Friday, September 07, 2007

"Excitable Boy"

The Rolling Stone review of Excitable Boy was written by the late Paul Nelson, one of the best rock critics of that (or any) era.

Nelson loved Warren, and loved the album. It was the first Zevon album I ever bought, and I also think it's great - but I'm not sure it's quite as great as Nelson wrote at the time: "...the best American rock & roll album since Bruce Springsteen's Born to Run (1975), Neil Young's Zuma (1976) and Jackson Browne's The Pretender (1976)." But there's no doubt that Nelson was a wonderful critic, and this review is filled with terrific nuggets:

"...[after the first album] there was some confusion whether he was just another sensitive (albeit unusually tough) singer songwriter or a Magnum-cum-laude rock & roller who ate gunpowder for breakfast..."

"...An intuitive artist, he's often both smart and crazy enough to shoot first at the most explosive subjects, then figure out the ramifications of whatever the hell he's bloodied later ("Roland the Headless Thompson Gunner," "Excitable Boy," "Werewolves of London," "Lawyers, Guns and Money"). This is a dangerous way to work—it isn't nice, and not everybody gets it—but you can claim some spectacular trophies when you're sufficiently reckless to risk safari on the dark side of the moon, where the gleam of the lion may look like the leer of the lamb..."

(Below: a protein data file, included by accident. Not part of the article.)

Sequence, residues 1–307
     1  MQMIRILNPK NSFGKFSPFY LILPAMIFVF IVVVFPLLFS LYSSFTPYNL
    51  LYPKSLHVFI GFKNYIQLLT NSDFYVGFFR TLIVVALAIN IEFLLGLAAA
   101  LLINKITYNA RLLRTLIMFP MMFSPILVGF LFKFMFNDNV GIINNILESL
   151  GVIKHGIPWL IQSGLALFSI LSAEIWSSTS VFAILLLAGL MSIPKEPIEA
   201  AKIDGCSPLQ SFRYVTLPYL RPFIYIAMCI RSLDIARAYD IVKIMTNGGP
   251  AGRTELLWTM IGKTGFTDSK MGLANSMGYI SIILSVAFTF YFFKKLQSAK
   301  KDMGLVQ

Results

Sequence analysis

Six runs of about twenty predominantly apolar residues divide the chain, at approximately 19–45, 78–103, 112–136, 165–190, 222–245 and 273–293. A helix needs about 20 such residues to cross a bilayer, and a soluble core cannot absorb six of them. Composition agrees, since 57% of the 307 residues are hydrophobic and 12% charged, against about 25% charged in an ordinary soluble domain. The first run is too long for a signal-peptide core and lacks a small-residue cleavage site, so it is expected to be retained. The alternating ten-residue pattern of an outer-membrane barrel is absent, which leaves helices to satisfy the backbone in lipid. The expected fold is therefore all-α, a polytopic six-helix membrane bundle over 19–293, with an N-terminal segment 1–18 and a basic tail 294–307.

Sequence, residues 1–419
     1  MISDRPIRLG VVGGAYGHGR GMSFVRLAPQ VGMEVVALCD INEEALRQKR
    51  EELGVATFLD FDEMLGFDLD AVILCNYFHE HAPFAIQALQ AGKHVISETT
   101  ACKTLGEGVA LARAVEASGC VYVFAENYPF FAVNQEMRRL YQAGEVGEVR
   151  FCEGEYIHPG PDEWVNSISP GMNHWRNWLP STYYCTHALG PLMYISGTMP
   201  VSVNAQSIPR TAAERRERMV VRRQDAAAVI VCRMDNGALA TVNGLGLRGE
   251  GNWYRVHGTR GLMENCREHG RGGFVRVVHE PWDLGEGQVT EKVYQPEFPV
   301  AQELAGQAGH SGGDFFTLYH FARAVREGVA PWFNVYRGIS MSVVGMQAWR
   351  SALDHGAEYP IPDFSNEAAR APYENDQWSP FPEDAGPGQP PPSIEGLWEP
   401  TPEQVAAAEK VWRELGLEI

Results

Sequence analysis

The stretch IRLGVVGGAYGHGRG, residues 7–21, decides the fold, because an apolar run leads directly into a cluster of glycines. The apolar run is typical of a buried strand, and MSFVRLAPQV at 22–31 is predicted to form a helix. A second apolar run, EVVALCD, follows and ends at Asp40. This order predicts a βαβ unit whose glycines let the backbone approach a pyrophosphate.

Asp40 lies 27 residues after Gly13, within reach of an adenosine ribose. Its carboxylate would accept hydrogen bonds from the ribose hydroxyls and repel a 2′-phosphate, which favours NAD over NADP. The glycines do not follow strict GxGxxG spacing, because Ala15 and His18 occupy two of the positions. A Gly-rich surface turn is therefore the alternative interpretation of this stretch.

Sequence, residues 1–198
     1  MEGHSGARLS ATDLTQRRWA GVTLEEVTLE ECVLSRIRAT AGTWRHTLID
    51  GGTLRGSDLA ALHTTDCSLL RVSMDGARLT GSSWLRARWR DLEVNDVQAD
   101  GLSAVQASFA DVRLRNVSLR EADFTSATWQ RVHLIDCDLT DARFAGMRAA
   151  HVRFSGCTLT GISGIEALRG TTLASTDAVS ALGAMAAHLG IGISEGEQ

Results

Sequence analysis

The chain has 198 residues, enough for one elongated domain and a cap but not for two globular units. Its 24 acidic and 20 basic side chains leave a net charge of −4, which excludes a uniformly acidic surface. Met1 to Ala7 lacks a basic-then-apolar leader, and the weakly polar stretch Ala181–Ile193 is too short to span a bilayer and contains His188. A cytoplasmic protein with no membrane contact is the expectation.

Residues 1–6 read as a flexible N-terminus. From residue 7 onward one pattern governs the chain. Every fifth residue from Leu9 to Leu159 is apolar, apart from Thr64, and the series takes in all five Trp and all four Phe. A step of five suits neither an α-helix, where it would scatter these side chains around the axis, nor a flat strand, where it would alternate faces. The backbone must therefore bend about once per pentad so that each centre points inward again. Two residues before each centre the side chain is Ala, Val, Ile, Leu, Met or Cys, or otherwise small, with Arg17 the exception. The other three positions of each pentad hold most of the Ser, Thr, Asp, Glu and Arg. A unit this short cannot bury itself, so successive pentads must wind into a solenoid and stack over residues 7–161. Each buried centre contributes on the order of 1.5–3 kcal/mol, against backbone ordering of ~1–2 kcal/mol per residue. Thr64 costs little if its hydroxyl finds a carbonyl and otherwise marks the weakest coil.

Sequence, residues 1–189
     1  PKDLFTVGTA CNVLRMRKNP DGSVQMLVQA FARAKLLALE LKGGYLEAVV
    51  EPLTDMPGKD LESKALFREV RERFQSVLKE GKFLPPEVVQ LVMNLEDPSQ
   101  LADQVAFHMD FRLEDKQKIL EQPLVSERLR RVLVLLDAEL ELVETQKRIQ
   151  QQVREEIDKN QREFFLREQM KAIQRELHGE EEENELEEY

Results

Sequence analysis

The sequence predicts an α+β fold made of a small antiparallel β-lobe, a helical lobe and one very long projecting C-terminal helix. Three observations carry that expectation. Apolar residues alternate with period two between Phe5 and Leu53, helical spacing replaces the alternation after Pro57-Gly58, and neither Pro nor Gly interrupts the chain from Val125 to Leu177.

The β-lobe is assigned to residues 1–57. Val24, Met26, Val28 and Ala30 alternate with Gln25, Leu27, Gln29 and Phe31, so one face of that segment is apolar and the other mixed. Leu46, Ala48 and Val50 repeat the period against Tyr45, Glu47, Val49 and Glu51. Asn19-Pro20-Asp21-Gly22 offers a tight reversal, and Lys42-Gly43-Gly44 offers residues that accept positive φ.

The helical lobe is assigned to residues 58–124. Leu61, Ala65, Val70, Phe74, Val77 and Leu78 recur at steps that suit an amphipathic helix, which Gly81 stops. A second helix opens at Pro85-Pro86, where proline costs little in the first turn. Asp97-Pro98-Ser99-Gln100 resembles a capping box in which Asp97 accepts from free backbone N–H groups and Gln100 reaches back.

"...Almost without exception, Zevon's rock & roll songs command and demand your attention through the sheer strength of their creator's personality; they're not necessarily profound (though they can be), but they hit with such primary impact you don't have to think twice about them..."

Great, great stuff.

1 comment:

Kevin said...

Kudos and thanks for all your recent Zevon postings (I especially enjoyed the live footage of "Mohammed's Radio").

Regarding Excitable Boy, Paul Nelson's fine review of that album -- and everything else he wrote about Zevon, including some previously unpublished material -- will appear in the anthology/biography that I'm writing, Everything Is an Afterthought: The Life and Writings of Paul Nelson.